And the light displays are truly incredible. On top of the giant light-up box, there was a row of vertical rods that lit up in different colors, plus an entire wall of LED lights behind that. When the box, light rods, LED wall and mouse mask were all working in unison, it was truly a sight to behold.
Deadmau5 dropped into "Sofi Needs a Ladder," sassy and hard and dirty with some house-like beats mashed up with techno-style keys while dotted lines outlined the edges of the cube. While keeping the house beat, he introduced a scratching sound -- like a record spinning backward -- with a clap, and as this new track reached a crescendo, green vines (or maybe tentacles) began waving over the cube, increasing their tempo with the music before dissolving into organic red floating designs, like watching embers in a bonfire travel into the night sky.
This new visual was greeted with an electric guitar line and deep, pulsing bass, dropping into a faster, more complex track with hollow yelps fading into the beat. Typical of Deadmau5, he starts with simple sounds, adding layer upon layer as he progresses. Once everything he has is dropped into the sound, he winds up the crescendo and starts again. He's a fan of ever-increasing sirens, which might drop into a bouncy beat with ray-gun effects or spooky organ noises perfect for Halloween.
True to form, Deadmau5 had the audience engaged throughout the performance -- but not at the same level the entire time. Of course, everyone ate up his hit "Ghosts 'N' Stuff," the somewhat depressing lyrics spliced with a happy, energetic beat and dark organ and bass lines. The eerie organ effects were highlights of the performance, and the light show blended in perfectly, from flowing script about Deadmau5 being a bionic mouse to the recurring error message (also seen at Global) and robotic voice intoning "Sometimes things get complicated" while the mouse-head mask lit up in an evil grin.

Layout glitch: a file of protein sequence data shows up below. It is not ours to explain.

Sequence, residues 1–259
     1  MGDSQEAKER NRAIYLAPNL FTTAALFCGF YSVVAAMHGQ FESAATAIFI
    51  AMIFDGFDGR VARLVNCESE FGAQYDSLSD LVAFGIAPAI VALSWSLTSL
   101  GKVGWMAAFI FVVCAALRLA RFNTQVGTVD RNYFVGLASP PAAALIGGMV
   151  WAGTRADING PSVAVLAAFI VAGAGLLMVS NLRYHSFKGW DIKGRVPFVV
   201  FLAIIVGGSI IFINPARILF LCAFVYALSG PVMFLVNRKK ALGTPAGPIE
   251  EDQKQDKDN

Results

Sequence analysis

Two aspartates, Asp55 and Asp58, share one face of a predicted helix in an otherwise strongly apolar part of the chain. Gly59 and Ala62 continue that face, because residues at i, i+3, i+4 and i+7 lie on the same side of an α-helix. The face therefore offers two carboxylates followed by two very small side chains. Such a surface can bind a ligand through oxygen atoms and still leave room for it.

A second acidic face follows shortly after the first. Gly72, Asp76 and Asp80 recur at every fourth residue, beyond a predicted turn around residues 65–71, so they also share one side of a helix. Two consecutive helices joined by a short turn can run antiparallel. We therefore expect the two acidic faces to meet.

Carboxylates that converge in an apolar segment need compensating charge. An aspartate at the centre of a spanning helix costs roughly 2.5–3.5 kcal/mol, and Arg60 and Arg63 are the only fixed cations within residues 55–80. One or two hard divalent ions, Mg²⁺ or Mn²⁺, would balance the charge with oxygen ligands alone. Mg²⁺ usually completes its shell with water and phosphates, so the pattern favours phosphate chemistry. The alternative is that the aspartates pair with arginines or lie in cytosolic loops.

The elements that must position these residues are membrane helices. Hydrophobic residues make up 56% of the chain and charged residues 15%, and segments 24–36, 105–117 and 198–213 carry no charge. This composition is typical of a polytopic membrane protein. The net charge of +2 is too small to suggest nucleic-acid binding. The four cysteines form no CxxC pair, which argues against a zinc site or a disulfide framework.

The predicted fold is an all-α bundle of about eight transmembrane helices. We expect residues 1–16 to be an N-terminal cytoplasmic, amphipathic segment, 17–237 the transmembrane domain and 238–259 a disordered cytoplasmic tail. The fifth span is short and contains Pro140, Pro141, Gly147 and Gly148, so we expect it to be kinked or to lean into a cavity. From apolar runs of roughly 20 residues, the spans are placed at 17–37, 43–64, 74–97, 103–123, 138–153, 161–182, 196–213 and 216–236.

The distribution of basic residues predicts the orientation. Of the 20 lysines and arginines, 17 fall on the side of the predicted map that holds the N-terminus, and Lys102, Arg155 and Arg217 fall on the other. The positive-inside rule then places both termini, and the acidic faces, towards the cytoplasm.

Like Tempel, Deadmau5 plays with genre boundaries: Sometimes he's pure electro, sometimes house, sometimes both, sometimes garage, sometimes trance, sometimes old-school techno. Whatever he does, his music is definitely dance-worthy, and the visual show is amazing. It's no wonder he packed the Fillmore on a Wednesday night -- and there's no doubt he'll do the same when he returns to the venue for a second show tonight, Thursday, October 7.
CRITIC'S NOTEBOOK Personal Bias: An electronica purist, I don't believe electro house is a real genre. If it is, Deadmau5 is the closest anyone's come to actualizing the sound. Random Detail: Everyone was dancing at this show -- from the security guards to the guys selling water on the floor. And that includes a sheeted ghost, who danced behind Deadmau5 in his light-up cube for a few minutes. By the Way: Some girls tried to jump the line in the downstairs girls' bathroom by claiming they were Deadmau5's sound technicians and the show would start late if they didn't get to pee immediately. A hint, ladies: a) Sound technicians don't dress like that for work, and b) There is an upstairs girls' bathroom that's all VIP, which sound technicians would have access to -- hence no need to muscle your way into the downstairs toilets. I'm glad you got called out on your shenanigans and were told to get back in line.